Blue Origin Bezos (copy)

Blue Origin’s New Shepard rocket launches Tuesday carrying passengers Jeff Bezos, founder of Amazon and the space tourism company Blue Origin, brother Mark Bezos, Oliver Daemen and Wally Funk, from its spaceport near Van Horn, Texas.

WILLIAMSTOWN — Jay Pasachoff wants to go to space.

He also believes that humans eventually will walk on Mars.

Pasachoff, a Williams College professor of astronomy, says the space race embarked on by three billionaires — independent efforts using different technologies — bodes well for commercial spaceflight, and for further study of the reaches of outer space.

Jay Pasachoff

Williams College astronomy professor Jay Pasachoff is thrilled by the commercial space race, saying it could lead to more technological advances and discoveries.

Jeff Bezos, founder of Amazon and Blue Origins, spent 11 minutes in a flight to space and back Tuesday.

On July 11, Virgin Galactic founder Richard Branson, with two pilots and three mission specialists, went on a 22-second flight past the atmosphere and back again.

And in the coming weeks, Tesla founder Elon Musk is expected to take a 90-minute test flight in his SpaceX vessel that will launch from Texas and splash down in the Pacific Ocean.

The goal of these early spaceflight tests is to establish commercial space tourism. According to industry estimates, the suborbital space tourism market could be worth $8 billion by 2030.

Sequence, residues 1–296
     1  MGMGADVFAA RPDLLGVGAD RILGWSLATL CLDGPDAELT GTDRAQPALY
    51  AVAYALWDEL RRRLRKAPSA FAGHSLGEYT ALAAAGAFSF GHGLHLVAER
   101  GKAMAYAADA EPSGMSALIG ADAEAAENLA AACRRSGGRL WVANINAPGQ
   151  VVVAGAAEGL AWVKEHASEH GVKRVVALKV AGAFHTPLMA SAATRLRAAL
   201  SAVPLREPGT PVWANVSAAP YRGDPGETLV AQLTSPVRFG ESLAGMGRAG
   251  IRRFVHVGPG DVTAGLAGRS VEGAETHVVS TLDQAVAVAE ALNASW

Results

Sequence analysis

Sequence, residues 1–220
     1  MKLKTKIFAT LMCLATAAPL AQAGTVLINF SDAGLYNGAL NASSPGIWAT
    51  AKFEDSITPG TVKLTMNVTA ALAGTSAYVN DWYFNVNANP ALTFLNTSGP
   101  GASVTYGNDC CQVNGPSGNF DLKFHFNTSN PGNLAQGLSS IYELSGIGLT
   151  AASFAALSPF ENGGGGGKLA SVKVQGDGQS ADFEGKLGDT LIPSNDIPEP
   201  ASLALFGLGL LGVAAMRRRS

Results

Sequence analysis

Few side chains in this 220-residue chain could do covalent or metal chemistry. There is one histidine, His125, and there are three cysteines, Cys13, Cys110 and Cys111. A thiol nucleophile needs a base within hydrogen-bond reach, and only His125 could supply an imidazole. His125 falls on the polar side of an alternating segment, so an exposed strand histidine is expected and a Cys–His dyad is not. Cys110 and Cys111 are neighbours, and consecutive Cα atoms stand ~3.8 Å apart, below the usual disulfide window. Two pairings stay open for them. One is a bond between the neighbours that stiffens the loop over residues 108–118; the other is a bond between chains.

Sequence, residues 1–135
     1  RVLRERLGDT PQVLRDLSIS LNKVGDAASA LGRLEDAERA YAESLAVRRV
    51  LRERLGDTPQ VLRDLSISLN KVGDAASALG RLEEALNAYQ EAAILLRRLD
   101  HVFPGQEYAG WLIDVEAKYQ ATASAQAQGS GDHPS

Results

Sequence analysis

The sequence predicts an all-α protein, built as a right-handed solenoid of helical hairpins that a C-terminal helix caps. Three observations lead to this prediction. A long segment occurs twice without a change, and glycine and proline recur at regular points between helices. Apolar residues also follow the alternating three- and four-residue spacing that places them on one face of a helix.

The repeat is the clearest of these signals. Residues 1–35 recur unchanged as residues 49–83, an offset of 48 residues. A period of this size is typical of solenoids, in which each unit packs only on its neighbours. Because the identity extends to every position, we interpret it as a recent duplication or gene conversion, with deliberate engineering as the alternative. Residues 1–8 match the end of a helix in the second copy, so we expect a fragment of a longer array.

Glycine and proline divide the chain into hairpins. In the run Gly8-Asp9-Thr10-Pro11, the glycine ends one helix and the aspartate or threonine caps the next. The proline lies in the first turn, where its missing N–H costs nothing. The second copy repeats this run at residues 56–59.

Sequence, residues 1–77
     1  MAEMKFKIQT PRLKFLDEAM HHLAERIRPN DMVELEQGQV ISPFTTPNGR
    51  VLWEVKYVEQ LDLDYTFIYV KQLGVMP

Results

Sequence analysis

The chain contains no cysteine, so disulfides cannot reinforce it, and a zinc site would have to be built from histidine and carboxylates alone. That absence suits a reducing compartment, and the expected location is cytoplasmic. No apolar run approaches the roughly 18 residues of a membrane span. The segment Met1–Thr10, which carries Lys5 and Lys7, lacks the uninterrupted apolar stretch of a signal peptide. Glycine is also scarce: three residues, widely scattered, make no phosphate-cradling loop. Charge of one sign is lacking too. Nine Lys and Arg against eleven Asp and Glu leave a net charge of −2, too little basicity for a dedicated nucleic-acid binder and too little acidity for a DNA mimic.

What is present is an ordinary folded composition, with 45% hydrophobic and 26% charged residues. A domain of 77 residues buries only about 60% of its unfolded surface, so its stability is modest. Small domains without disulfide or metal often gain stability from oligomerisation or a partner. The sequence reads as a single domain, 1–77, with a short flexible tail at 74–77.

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Pasachoff noted that Bezos' flight Tuesday came on the 52nd anniversary of the first of humans landing on the moon.

“It’s hard to say how this will affect the future of spaceflight,” he said. “Fifty years ago, we were already saying we’d have tourists on the moon by 2000. What’s happening now, I hope it inspires.”

He said he’d be happy to take a commercial spaceflight, noting that, as time goes on and as more advances are realized, the cost of a tourist’s flight will go down.

“Bezos sees an opportunity out there, and maybe he’s right,” Pasachoff said.

Already, he said, space technology powers dozens of everyday functions that touch millions of lives, including the monitoring of weather, mapping apps, worldwide communications, using satellites and Einstein’s general theory of relativity.

The current test flights also might result in further study of space and the effects of weightlessness.

“The longer we study space, the more likely we’ll find something important," he said. "And it will take a bit of time, but eventually we’ll be landing on Mars, and perhaps have a colony of people there.”

Scott Stafford can be reached at sstafford@berkshireeagle.com or at 413-629-4517.